What Others Are Saying


UCLA doctor says low levels of perchlorate pose no health threat - Posted April 26, 2004

"Jerome Hershman, an endocrinologist from the UCLA School of Medicine, said perchlorate poses no health threat to humans at the low levels found in drinking water and leaves the body within a couple days after consumption. 'To get (hypothyroidism), you'd have to probably take in an amount that is hundreds of times higher than that in drinking water,' he said."

"Risk of Water Contamination Minimal," Pasadena Star News, April 23, 2004


American Thyroid Association Issues Statement on Perchlorate - Posted February 6, 2004

"Perchlorate levels in water within the interim EPA guidelines of 4-18 ppb do not appear to be associated with any significant impairment of thyroid gland function in adults. The ATA intends to continue monitoring the thyroid related health aspects of environmental exposure to perchlorate. We await the findings of the NAS Committee and will then give further consideration to how we can best advise health professionals and the community at large on this important health issue."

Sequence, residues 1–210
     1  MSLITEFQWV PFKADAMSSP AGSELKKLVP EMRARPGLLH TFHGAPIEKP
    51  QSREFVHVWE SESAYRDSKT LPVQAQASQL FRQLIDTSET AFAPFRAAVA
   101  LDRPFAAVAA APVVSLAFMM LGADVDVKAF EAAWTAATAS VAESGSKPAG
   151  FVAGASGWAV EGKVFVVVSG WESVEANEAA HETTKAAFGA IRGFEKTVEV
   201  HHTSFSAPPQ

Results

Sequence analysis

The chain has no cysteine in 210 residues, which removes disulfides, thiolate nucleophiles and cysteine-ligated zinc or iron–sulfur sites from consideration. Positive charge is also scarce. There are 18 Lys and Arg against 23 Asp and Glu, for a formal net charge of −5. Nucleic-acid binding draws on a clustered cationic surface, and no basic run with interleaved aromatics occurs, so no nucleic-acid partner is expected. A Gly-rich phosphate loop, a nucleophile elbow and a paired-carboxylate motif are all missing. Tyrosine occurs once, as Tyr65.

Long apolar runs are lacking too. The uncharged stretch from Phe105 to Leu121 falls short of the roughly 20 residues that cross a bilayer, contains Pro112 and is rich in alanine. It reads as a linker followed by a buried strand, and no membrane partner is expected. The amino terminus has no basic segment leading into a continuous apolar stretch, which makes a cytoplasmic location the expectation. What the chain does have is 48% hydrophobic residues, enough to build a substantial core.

(March 5-6, 2002)

Watch the clip"What we are seeing is extremely conservative risk assessment practices that result in very costly treatment and remediation actions. Far too often, these risk assessment practices and findings are distorted by various interest groups who deliberately mislead and scare the public. The result is a diversion of public and private dollars into unnecessary risk management efforts and away from more immediate, real and dangerous health related programs... As detection technology improves, more resources are devoted to removing smaller and smaller amounts of elements from our drinking water, yet at a price that takes dollars away from our communities and our ability to address very real health concerns. Let us not create phantom health threats where valuable resources provide no real reduction in risk to public health."
Dr. La Donna White
Faculty Physician with Methodist Hospital
Capitol Medical Society, Sacramento, CA

Watch the clip"There is no compelling reason to believe perchlorate would cause thyroid cancer in humans, particularly at currently reported levels of exposure."
Gary Williams, MD
Professor of Environmental Pathology and Toxicology
Department of Pathology, New York Medical College

"The conclusions of the Greer Study were not given the attention they deserved (in the EPA Risk Assessment). Human studies should be considered."
David Hoel, Ph. D.
Professor, Department of Biometry and Epidemiology